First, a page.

It is a pleasure to join you today on the eve of General Debate week. From Syria to MDGs, sustainable development and Rule of Law, this is a crucially important period for global cooperation and the United Nations. It is a highly fitting that we begin this week with an exchange of views between Member States, civil society, regional actors and the United Nations.
I also want to thank the President of the General Assembly and the Ministers from South Africa and Ireland as facilitators for the crucial MDG event on September 25 to provide this opportunity for dialogue.
I want to thank the UN Non-Governmental Liaison Service and its Chief Anita Nayar for the role it played in convening key constituencies and facilitating civil society engagement in a range of initiatives. These efforts have gone a long way not only toward bringing rich perspectives into the United Nations, but also “de-mystifying” for our external partners what is going on within the United Nations itself.
It is my pleasure to discuss with you the findings of the United Nations “Global Conversation” – an unprecedented outreach process on what we called “the world we want”.
The Conversation was designed to gather messages from a full spectrum of society, and to convey those concerns and aspirations to governments as they embark on formulating a new development agenda building on the experiences of the Millennium Development Goals.
The Global Conversation by the UNDG reached deeply into civil society and regional organizations, especially from the South. It has given us rich stories about the challenges and opportunities that people face in their daily lives.
Over 1 million people shared their priorities and perspectives. Despite the differences in background, location and occupation, the voices we have heard have much in common.
First, people have clearly stated that the fundamental areas covered by the MDGs – education, health, water and sanitation and gender equality – remain critically important. Equally clearly they have stated that the world has the resources and technology to eradicate poverty and hunger.
A second key message is that people are angry about injustice and growing inequalities. They are demanding decent jobs and a fair share of the benefits of economic growth.
Further, people want their governments to do a better job in representing them – delivering key services and creating opportunities for their full and equal participation in decisions that affect them. “Nothing for us without us”, said a young woman with disabilities in Ecuador.
People want to live without fear of violence or conflict. “In 2015, I want a world where women are not killed, murders of women are not normalized, and women have representation in daily life and politics,” said a university student in Ankara, Turkey.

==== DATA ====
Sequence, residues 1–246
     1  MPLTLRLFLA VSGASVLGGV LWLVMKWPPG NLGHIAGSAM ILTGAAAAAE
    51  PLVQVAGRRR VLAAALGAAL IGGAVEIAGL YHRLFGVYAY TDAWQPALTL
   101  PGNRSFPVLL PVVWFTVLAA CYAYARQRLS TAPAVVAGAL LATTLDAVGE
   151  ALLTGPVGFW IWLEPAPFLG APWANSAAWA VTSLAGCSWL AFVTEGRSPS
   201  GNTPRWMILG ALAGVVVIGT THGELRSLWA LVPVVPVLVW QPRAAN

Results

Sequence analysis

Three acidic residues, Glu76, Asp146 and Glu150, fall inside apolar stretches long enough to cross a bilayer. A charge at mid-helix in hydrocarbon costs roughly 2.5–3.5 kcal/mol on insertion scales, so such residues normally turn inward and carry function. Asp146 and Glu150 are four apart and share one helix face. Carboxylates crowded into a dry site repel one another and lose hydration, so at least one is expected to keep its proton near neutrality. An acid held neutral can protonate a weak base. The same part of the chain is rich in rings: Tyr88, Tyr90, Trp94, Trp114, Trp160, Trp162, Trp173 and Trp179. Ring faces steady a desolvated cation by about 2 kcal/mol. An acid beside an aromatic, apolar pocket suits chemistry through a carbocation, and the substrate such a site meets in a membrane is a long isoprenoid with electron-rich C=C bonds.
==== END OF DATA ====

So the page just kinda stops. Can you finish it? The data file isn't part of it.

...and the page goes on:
And they want us to safeguard the global environment. As one indigenous man said, “We have to take care of our Pachamama (mother earth) - otherwise how are we going to live?”
For development practitioners and field workers, these messages are familiar. We are aware of the realities on the ground. Some of you here have lived those realities.
What is new is the way we are collecting and bringing these messages to the multilateral decision-making process.
With the support of modern technology and social media, the United Nations has reached out to more people than ever before, including those who ordinarily are not asked about their dreams and aspirations.
The consultations have pushed the boundaries both in terms of outreach and of content. Many of the messages from the consultations have made an impact on other contributions to the post-2015 process, such as the reports of the High Level Panel and the Secretary-General’s report to the General Assembly, “A Life of Dignity for All”.
I think we can go as far as to say that the consultations facilitate a growing convergence of views on the road ahead. Global decision-making processes require time and preparedness to listen. It took several years before the MDGs gained broad support. The Global Conversation was an early investment in the post-2015 process that I hope will bring dividends as the process unfolds.
The UN system will continue to do its utmost to ensure that the voices and ideas of people from all over the world are brought to the debate, making it a true “we the peoples” process. But this effort should not stop once the agenda is agreed. The consultations have also revealed an appetite for involvement not only in the design of the development agenda, but also in its future implementation.
People are asking for transformation - not just of the “what”, but also the “how” we do development. They want not only to articulate the problems, but also to help find solutions, and be involved in putting them into effect.
The Secretary-General and I see the great value of expanding space for meaningful civil society participation throughout the UN system. I hope that today’s discussion will help us to further understand the potential of this engagement for people in need around the world.
In closing, let me leave with you with one more message that encapsulates what we are talking about. It comes from a 14-year-old Zambian girl. “We are the future leaders of today, tomorrow and after 2015”, she said, “and our rights have to be heard”.